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Fife & Newcastle top nuisance neighbours list

There were almost half a million complaints to councils last year about noisy or inconsiderate neighbours. We explain how to stand up for your rights.



Hundreds of thousands of people are driven to make official complaints about their neighbours every year.

New research from insurer Churchill has found that 460,000 Brits sought help from local councils in 2013 over issues such as loud music, unruly animals, and homes being kept in a poor state of repair.

Noise the biggest issue

The firm says that noisy neighbours caused more than 200,000 complaints, while just over 100,000 concerned the condition and maintenance of nearby homes.

Spokesman Martin Scott says: "These findings present a worrying picture of the effects other people and properties near our homes have on our lives.

"It’s a reminder to all of us to consider that our parties, pets and general property maintenance may be causing our neighbours undue amounts of stress."

The research found that the greatest number of complaints per head were made in Fife, Newcastle-upon-Tyne and Westminster.

In each area, there were at least 40 cases for every 1,000 residents.

Legal help from insurance policy

Churchill points out that many home insurance policies give the option of legal protection cover, which can help meet the cost of any legal action.

But calling in lawyers would be seen as a last resort for many householders. So how should you deal with disputes in the first instance?

A spokesman for Citizens Advice says that the first step should be to talk to your neighbour.

"If it seems that one or both parties will be unable to keep their temper during such a meeting, it may be advisable to write," he says.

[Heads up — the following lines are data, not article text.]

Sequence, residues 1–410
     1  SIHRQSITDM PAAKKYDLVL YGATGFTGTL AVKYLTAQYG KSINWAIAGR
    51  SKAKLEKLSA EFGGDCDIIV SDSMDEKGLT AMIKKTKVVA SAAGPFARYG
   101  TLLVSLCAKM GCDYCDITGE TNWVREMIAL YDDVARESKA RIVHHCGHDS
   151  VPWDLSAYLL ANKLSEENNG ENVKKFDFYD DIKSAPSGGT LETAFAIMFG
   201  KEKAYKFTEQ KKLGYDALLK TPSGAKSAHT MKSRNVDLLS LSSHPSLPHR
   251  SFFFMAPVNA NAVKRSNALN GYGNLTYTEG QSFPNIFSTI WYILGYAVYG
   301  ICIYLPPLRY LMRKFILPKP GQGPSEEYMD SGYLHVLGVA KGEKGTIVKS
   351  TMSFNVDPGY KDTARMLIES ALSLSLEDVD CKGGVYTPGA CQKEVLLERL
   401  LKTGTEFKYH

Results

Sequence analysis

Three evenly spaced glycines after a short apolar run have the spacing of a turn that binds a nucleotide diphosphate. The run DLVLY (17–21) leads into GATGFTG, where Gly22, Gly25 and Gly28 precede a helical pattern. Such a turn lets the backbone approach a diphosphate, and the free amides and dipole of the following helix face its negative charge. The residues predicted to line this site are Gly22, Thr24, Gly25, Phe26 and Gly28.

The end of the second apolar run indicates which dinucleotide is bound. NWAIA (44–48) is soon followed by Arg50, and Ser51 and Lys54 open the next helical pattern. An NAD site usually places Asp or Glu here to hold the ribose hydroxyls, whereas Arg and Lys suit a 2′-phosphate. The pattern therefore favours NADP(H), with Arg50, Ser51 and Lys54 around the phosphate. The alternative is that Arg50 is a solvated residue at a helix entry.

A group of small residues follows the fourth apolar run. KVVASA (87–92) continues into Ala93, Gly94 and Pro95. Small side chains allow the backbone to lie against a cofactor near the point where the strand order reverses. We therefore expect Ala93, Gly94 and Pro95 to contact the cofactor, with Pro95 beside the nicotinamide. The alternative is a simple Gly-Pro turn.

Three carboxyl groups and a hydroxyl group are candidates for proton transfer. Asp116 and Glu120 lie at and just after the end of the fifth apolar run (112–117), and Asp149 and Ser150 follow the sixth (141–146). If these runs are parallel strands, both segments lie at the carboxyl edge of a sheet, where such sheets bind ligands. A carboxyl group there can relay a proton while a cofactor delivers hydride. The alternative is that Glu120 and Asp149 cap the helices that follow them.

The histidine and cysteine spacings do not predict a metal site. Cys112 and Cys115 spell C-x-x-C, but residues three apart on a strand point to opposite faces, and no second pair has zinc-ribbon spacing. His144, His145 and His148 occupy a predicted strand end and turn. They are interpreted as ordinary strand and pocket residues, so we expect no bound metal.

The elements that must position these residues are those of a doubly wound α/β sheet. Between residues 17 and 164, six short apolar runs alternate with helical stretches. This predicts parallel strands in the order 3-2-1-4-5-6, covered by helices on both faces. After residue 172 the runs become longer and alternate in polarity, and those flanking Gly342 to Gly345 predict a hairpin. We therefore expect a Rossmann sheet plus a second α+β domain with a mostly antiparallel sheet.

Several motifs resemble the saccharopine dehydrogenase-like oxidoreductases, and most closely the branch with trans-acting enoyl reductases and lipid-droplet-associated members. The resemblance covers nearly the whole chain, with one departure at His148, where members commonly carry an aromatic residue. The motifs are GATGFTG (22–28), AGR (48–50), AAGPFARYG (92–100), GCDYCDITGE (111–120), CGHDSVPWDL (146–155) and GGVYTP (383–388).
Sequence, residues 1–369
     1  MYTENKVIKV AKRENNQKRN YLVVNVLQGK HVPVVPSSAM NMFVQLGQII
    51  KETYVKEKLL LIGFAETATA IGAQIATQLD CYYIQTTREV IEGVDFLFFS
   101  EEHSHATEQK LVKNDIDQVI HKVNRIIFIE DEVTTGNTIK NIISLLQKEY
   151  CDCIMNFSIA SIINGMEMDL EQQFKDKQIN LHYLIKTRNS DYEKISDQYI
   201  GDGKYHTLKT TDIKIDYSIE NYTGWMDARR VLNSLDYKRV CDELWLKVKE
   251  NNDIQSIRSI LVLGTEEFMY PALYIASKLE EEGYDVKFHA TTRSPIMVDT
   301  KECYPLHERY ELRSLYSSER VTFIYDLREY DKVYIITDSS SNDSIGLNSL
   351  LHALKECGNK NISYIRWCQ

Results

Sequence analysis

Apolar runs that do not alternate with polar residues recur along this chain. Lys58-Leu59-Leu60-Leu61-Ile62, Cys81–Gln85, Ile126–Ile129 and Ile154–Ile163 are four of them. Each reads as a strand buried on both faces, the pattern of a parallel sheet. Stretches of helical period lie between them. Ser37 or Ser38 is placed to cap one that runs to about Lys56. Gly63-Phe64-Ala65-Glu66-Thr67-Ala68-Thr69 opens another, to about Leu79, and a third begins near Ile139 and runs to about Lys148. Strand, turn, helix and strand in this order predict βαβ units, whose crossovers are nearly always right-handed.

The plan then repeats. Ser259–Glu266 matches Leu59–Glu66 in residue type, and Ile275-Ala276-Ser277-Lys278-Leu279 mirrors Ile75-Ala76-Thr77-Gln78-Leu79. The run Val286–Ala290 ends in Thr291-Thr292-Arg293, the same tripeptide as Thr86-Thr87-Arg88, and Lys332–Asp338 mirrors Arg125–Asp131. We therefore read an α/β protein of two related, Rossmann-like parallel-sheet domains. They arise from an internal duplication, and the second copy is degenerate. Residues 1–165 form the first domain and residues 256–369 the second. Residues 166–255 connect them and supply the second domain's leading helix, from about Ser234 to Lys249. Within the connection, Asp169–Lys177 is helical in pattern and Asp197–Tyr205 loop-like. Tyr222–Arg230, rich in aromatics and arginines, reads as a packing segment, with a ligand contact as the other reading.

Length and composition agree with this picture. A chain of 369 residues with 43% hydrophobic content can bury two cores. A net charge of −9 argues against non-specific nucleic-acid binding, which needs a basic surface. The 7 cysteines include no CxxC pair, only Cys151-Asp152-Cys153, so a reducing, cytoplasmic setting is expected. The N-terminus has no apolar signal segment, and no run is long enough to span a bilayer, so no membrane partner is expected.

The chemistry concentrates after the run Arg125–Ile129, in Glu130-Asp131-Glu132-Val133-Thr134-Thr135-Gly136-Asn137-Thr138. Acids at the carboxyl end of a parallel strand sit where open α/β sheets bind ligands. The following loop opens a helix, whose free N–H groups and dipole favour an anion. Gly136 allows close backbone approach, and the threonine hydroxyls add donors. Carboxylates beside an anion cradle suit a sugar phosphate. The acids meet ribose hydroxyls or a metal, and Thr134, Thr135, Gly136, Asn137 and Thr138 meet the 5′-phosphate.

Complaining about noisy neighbours

Woman with hands on her ears

"Sometimes a neighbour may be made to see that their behaviour is anti-social if representations come from a group of neighbours."

Georgina Kent, a marketing executive from Cardiff, found out the hard way that being the only complainant is not a good idea.

She and her husband had been experiencing noise problems from their new next-door neighbours for a number of weeks before they contacted the local council.

"They sent me a diary to complete, noting every time the noise was really loud," says Georgina.

'They knew it was us'

"Then the council sent the neighbours a letter saying there had been a complaint about the noise.

"But seeing as we were the only ones that had spoken to them about the problem, they knew it was us who had gone to the council."

This led to an even greater deterioration of relations between the two couples.

Finally, after a stressful year, the noisy neighbours moved out.

'Be strong and stand your ground'

Georgina adds: "My advice to anyone going through anything similar would be to be strong, stand your ground, speak to your local council and log any incidents with your local police station.

"I'm sure, with hindsight, that if we'd been stronger, this mess wouldn't have gone on for a year and would have been resolved much sooner."

Citizens Advice says that if a personal approach fails, you could try contacting the neighbour’s landlord if they are tenants.

When should police be involved?

The local authority should be contacted if you think the dispute involves something which is damaging to health or well-being — known as a statutory nuisance.

This covers excessive noise and light, as well as a build-up of rubbish which could harm health.

The Citizens Advice spokesman adds: "The police can be called if it is possible that a criminal offence is being committed.

"Common offences in the case of neighbour disputes are breach of the peace, assault, or harassment because of your race or sex.

Moving home

"Alternatively, a letter from a solicitor may be helpful in making a neighbour realise that you are serious about your complaint."

The bad news is that entering into a dispute with a neighbour can make it harder to sell your home, especially if matters have escalated and the local authority or police have got involved.

The vendor’s estate agent is obliged to provide potential buyers with details of any problems.

But it is worth asking the sellers directly what their neighbours are like as well as doing some investigating of your own.

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Chris Torney

Chris Torney

Chris is the former personal finance editor at the Daily Express. He's been a journalist for more than 10 years and contributes to a wide range of finance and business titles.Read more from Chris



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